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 With Indonesians Stuck in Peru, Case for Bringing ‘Modern Slaves’ Home Becomes a Priority

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BerichtOnderwerp: With Indonesians Stuck in Peru, Case for Bringing ‘Modern Slaves’ Home Becomes a Priority   za 20 dec 2014 - 23:28





The Jakarta Globe, Dec 20, 2014


Lima, Peru. Hipdon Taufik, 31, said all he wants is to go home to his village in the district of Cianjur, West Java.

“My dreams are ruined. It has been one year since I fed my family,” Hipdon told the Jakarta Globe, hiding his face with his head bowed down, staring at the floor of the Indonesian Embassy in Lima, Peru.

“I am the oldest in my family. My father is long deceased and I have a family of my own,” he said.

Hipdon and three of his friends, Muhammad Ali, Nendi and Eli have been stranded at the embassy since April after fleeing their abusive employer.

Their story began in 2013 when a recruiter for migrant workers came to their villages, looking for young men to work on a Taiwanese fishing vessel.

The recruiter had not told the men where they would be fishing or what role they would have on the boat.

Ali, who along with Nendi, hails from the village of Bayalangu-Kidul in the district of Cirebon, West Java, said he was offered a monthly pay of Rp 2.4 million ($193), as well as a $15 bonus for each ton the fishing boat catches.

“My plan was to work [at sea] for two years and use the money to start a business back home,” Ali, who had never worked at sea before, told the Globe.

Ali said that he and Nendi agreed to the recruiter’s terms, lured by the handsome pay, which was considerably more than what they could expect to earn back in Cirebon.

The recruiter paid for their travel expenses departing from Jakarta to Lima via Kuala Lumpur and Amsterdam.

The four arrived in the Peruvian capital in October 2013.

Once in Peru they found they would not be working for a Taiwanese vessel as promised, but a Chinese one.

There were 29 crew members on board, mainly from Vietnam and China. Two other Indonesians were part of the crew, although one had been sent home due to illness after only a few days at sea.

The other Indonesian worker went on to work for another fishing vessel.

During their six months at sea, Ali claimed to have worked long hours, from 4 p.m. to 8 a.m. Some days saw them working until 11 a.m.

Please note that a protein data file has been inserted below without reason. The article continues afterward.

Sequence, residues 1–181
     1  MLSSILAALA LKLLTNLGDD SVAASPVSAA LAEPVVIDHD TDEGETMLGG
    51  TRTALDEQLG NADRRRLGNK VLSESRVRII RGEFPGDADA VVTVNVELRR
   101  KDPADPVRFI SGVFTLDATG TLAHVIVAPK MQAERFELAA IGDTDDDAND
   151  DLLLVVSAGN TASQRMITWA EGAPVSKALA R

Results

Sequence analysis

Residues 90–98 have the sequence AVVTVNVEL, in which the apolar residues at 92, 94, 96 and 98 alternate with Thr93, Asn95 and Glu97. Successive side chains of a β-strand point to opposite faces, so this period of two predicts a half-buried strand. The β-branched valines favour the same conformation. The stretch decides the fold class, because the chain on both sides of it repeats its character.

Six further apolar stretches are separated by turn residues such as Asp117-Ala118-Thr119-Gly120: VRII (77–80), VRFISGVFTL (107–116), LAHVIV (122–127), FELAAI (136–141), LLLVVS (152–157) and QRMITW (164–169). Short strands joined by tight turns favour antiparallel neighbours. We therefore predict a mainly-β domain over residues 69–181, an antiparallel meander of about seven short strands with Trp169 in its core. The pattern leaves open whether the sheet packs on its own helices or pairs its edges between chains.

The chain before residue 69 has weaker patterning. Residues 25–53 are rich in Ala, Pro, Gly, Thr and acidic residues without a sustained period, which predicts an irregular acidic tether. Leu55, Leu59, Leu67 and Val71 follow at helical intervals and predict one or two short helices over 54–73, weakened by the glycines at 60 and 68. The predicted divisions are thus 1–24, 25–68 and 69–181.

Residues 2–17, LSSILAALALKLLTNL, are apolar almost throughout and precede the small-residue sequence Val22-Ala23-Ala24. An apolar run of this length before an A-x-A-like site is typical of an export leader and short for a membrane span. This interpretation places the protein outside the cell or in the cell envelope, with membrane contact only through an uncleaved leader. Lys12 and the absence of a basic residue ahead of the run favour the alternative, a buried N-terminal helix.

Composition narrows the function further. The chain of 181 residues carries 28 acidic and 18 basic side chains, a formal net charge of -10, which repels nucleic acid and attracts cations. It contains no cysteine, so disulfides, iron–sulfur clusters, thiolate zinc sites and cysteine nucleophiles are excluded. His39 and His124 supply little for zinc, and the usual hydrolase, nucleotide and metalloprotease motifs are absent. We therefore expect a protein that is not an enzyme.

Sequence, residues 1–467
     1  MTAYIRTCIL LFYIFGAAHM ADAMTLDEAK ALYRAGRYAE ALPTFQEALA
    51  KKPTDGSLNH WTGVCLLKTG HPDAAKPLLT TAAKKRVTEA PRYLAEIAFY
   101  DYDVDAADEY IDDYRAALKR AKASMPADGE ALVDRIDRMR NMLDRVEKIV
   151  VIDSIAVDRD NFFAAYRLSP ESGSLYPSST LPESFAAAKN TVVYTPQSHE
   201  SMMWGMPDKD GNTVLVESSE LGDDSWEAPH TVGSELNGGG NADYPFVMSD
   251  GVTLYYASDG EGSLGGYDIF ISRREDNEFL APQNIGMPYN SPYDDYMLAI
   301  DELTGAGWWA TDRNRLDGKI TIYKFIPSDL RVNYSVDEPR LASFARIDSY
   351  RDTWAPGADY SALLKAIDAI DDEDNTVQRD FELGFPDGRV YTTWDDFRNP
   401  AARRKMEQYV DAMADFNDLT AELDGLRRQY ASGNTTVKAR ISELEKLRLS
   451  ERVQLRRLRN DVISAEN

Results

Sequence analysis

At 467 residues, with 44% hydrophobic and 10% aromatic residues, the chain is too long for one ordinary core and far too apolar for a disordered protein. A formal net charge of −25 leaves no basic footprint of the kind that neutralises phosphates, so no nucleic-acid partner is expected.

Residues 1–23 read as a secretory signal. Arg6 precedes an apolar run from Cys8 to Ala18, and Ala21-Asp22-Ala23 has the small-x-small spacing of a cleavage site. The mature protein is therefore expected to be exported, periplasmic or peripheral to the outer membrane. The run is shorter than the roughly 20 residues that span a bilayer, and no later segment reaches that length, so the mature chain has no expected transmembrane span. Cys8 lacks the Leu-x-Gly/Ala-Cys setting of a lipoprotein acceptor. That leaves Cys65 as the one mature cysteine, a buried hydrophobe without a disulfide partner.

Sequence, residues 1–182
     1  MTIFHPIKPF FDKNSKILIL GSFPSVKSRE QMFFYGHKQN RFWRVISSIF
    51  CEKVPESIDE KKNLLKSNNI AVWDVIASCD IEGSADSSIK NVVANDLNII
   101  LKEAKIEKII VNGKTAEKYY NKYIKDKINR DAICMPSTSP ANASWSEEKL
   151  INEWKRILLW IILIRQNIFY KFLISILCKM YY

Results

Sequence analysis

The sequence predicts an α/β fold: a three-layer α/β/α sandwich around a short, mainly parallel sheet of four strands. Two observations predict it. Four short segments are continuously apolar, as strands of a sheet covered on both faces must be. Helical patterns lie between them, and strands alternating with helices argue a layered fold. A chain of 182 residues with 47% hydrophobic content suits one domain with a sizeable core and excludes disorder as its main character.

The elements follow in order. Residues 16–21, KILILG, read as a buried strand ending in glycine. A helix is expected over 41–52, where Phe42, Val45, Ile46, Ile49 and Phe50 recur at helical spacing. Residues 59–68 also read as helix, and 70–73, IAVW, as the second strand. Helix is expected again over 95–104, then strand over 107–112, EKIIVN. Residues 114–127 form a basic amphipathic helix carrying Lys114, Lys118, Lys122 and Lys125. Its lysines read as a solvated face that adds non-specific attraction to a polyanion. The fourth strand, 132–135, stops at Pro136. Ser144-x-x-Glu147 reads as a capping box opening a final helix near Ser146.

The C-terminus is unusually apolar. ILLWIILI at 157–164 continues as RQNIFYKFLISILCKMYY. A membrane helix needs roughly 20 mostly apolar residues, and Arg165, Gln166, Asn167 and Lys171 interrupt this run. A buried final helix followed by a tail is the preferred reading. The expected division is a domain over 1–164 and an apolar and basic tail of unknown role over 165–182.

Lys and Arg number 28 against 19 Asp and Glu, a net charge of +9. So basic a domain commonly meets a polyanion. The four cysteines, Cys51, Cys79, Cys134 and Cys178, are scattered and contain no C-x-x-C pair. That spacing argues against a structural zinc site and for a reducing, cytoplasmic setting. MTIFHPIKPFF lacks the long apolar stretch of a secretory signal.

They were fed plain rice drenched in broth, with occasional biscuits or Chinese buns for snacks.

The four claimed they were often beaten by their captain and deck bosses.

“Honestly, sometimes we had to steal food to get a decent meal. Back home, we would never do that,” Nendi said.

“Forget about asking for an overtime bonus, they didn’t even pay our monthly salary,” Hipdon continued. “I worked for six months and not once was I paid.”

“I called and asked my family back home; they also didn’t receive anything from our employer.”

After six months, the four planned to leave. They fled as soon as the ship made shore in Chimbote, Peru’s biggest shipping town, 420 kilometers north of Lima.

The four then sold all their belongings, including their mobile phones and extra clothing, to pay for the eight-hour bus trip to the capital city.

Once they arrived, they headed to the Indonesian embassy, looking for protection and a way back home.

Arya Putubaya, an Indonesian embassy staffer who has been accompanying the four since their escape, said it was not that simple.

“We have asked Jakarta to send [the embassy] money to send them back to Indonesia. But so far [Jakarta] has not sent us anything,” Arya said.

Arya added that all the embassy could do is partition an unused section of the office’s library so the four would have a place to sleep.

Tantan Rahmansyah, another staffer at the embassy, said their case is not unique. The Indonesian embassy in Lima has so far repatriated 20 Indonesian fishermen, all suffering similar fates.

More than 11 percent of Indonesians live in poverty, which leaves them open to a modern form of slavery, said the Walk Free Foundation, a global human rights group dedicated to ending modern slavery, in its “2014 Global Slavery Index” released last month.

Indonesia ranked eighth in the index, with 0.28 percent of the country’s population (or as many as 714,000) considered slaves, namely children who have been denied education after being forced to work or marry early; men unable to leave their work due to debts; and women and girls exploited as unpaid and abused domestic workers.